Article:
Go ahead, have a guilt trip in August

Go ahead, have a guilt trip in August

I hope you have a pen and paper handy because in honour of Cheryl's birthday going viral, I thought I would start off this week's column with a little Singaporean logic quiz of my own.

Jack wants to go to Tokyo for the weekend and he has three flights to choose from. Flight A takes one third as long as Flight B, but is three times the price of Flight C. Flight C is 21/2 times longer than Flight A, but has USB chargers in every seat and a better movie selection. Flight A's price will go up by 20 per cent if both Flight B and C become fully booked.

Which flight should Jack take to Tokyo?

Answer: None of them. It is ridiculous to fly all the way for just two nights. He should wait until the SG50 four-day weekend in August.

I am sure most of you got this question right. After all, it seems like everyone began to tackle this problem the moment they found out we had an extra holiday. I am sure everyone remembers the whole rumpus a little while back when everyone demonstrated their patriotic spirit by making plans to leave the country the minute Aug 7 was declared a holiday.

I personally wasn't all that surprised by the reaction. I mean, what did we think was going to happen when Singaporeans found out they had a four-day weekend?

It doesn't take a genius to predict that there would be an astronomical spike in flight bookings.

We see a long weekend, we book a holiday. It is a reflex action. It is one of the unique things about us that makes us uniquely Singaporean - like complaining or queueing for mee pok.

Still, I can't help but feel that this one is different.

It's almost like abandoning a loved one on her birthday even after she called your workplace and got you an extra day off so you can celebrate it with her.

If it were one of my parents' birthdays, they would never let me get away with this. And that got me thinking - maybe there is a way to get Singaporeans to stay put in August.

If there is a force more powerful than the desire to go to Bangkok for the long weekend, then surely it is the parental guilt trip.

At the very least, I think we should give the strategy a shot. Instead of just urging people to stay, the SG50 committee should try guilt-tripping people.

As a guide, I have provided the following passive-aggressive open letter, written on behalf of a country that just found out its citizens are not going to come to its birthday party.

Dear citizen, I'm not angry, I'm just a little disappointed.

I see you have booked a holiday on my 50th birthday weekend. You know how much this birthday means to me, I can't even remember how many times I told you about it.

I stuck little stickers all over town to remind you and I have more or less spent the past few months doing nothing, but making lists of 50 things. Still, you decided you want to go on a holiday at the same time.

Well, what can I do? I can't stop you. You are an adult and you can make your own decisions now, you've told me that many times.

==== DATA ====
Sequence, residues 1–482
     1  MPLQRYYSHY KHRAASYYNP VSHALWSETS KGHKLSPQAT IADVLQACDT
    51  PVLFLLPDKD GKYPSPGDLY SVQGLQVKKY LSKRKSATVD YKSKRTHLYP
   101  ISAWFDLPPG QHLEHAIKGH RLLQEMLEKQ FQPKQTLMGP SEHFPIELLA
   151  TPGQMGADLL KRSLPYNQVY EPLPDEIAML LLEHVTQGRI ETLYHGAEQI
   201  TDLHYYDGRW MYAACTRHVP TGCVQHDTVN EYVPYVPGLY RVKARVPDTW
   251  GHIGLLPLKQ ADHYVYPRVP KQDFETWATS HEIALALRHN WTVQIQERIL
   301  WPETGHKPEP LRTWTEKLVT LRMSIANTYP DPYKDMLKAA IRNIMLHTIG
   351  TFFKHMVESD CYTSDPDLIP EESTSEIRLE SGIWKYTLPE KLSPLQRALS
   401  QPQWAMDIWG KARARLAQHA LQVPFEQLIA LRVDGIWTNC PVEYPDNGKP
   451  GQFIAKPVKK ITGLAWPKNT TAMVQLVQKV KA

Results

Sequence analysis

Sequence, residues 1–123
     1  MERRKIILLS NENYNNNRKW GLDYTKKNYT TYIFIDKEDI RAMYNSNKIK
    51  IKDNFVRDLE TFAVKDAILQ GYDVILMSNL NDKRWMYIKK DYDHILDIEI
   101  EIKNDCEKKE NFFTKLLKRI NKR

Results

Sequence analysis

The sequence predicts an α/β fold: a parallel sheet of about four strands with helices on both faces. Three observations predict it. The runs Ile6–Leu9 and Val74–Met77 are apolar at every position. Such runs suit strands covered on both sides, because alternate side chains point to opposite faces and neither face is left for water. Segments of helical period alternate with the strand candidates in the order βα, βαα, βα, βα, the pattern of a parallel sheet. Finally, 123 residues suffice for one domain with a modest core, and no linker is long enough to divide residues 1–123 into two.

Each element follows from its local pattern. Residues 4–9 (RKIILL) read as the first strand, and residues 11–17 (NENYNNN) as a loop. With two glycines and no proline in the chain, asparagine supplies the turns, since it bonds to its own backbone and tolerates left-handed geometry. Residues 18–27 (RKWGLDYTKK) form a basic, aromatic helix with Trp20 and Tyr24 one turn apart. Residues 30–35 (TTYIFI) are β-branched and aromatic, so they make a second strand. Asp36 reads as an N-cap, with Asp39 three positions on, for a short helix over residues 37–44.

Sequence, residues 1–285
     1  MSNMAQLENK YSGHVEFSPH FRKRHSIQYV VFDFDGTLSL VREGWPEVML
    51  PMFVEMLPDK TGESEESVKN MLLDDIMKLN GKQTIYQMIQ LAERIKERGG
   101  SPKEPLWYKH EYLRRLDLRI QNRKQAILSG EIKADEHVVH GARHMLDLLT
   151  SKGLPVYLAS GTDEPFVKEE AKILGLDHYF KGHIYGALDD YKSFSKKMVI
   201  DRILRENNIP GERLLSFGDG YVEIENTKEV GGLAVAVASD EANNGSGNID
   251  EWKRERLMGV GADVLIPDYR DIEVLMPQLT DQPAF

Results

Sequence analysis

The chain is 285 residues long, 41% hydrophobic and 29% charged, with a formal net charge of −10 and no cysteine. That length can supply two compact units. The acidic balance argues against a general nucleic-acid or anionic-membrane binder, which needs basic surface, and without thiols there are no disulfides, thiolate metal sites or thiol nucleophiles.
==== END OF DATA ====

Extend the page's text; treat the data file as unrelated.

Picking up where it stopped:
I guess I'll just have to get used to it.

But don't worry about me. I'll be fine on my own. You go out and enjoy yourselves in another country. I'll just stay here. I have a lot of things to do anyway.

You know, little things - feed the Merlion, crafting foreign policy, providing citizens a sense of rootedness and national identity - the same things I have been doing for the past 50 years without receiving a word of thanks.

Look, I know a four-day weekend is rare. And I know it is nearly impossible to get an unexpected public holiday these days. I remember the time when our table-tennis team won a silver medal at the Olympics. I, too, thought that there was going to be a holiday after that.

So I get that you want to spend this time with your family. And I know it doesn't matter that the only reason you are getting a four-day weekend is because of my birthday. Family still comes first.

What I don't really understand is why you can't spend time with your family here at my birthday? I'm not asking you to come alone.

I mean, I went to a lot of trouble to put together a nice party. I thought that since I'm going to turn 50 only once, I should make the birthday a good one. There are going to be a lot of events. If you stay, I promise you won't be bored.

Never mind, you have your reasons. You don't have to say it. I know I am old now and not very fun to be with any more. You think I'm uptight, I've heard you tell your friends. I guess it serves me right to be left alone on my birthday.

These days, you would rather hang around Bangkok or Hong Kong or I don't know who else. Whenever you get a little bit of free time, off you go.

You are only with me when you need money or when you are not feeling well.

I wasn't always like this, you know. I actually changed for you. A long time ago, I was a backwater. But then because you wanted all kinds of things, I had to become a newly industrialised nation. Don't you remember?

And it's not as if I ask that much of you. I try not to ask you to do things for me because you are so busy. My two big requests were for you to do national service and to have babies. You couldn't even give me the babies.

And now you are leaving on my birthday. I don't even know what I have done to deserve this.

Anyway, that's all water under the bridge. Your booking is made, the non- refundable deposit has been paid. So yes, go and enjoy yourself on my birthday.

Just know that even though this hurts very much, Singapore always loves you.


This article was first published on April 20, 2015.
Get a copy of The Straits Times or go to straitstimes.com for more stories.

More about

Purchase this article for republication.



Your daily good stuff - AsiaOne stories delivered straight to your inbox
By signing up, you agree to our Privacy policy and Terms and Conditions.